More than ten years ago, I attended a mother-blessing, also known sometimes as a blessingway, for one of my closest friends. Andrea was due shortly thereafter with her second child, a daughter. Surrounded by a small group of powerful, loving women, Andrea and her still-gestating daughter were touched by healing hands and given tokens of energy and affection in the form of beads to make a bracelet Andrea could use as a focus in labor.

Mid-way through the evening, we gathered in the kitchen of the host, Andrea’s friend, for food and drink. She bustled around in front of the stove and returned with a steaming ceramic bowl of refried black beans, smelling strongly of garlic, and a platter of corn tostados. We all slathered the crunchy, oversized tortilla chips with the savory beans, and I knew that, perhaps in small part due to the circumstances heavy with love and support, I’d fallen in love with a food. Continue Reading…

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Endless Meals

Sit down and finish your dinner.

Are you done or are you just distracted?

All the rest of us are done. Could you please eat your dinner?

Just FINISH. If you want that food, then EAT IT.

For CRYING OUT LOUD, Sammi, FINISH YOUR DINNER!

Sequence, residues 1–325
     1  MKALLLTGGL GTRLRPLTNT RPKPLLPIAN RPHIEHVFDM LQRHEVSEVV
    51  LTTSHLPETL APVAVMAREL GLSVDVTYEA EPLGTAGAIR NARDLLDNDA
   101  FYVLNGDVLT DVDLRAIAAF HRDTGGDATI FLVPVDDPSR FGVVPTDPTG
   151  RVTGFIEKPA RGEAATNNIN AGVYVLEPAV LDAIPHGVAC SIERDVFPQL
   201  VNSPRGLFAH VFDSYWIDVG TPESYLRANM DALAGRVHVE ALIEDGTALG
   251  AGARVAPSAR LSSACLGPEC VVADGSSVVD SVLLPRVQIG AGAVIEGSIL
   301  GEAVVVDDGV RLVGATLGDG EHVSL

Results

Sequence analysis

I can’t sit here with you anymore. Eat what you want and then bring your dish in.

My husband and I had decided early in our children’s lives that we would eat together as a family whenever possible. We had both grown up that way, largely, and especially given the research that showed how valuable a family meal is to raising connected families, we’ve maintained this policy even as our children have gotten older and busier. Seated at the end of the dining room table closest to the kitchen, the four of us have always used the time together in the traditional manner — catching up on our days, joking around, planning family events together.

But when we were done, there was Sammi. Still sitting there. Still eating.

Unlike other families I knew who struggled with a picky child at mealtime, Sammi’s issues were seldom that she was refusing to eat what was on the plate in front of her. In fact, if we suggested that she might be finished, she would often tell us that she was still eating. Then she would take a bite, chew it slowly, and begin a conversation. Five or six minutes later, we’d realize that she was not using the time when someone else was talking to take another bite — instead, she was watching, nodding, interacting, but not eating any more.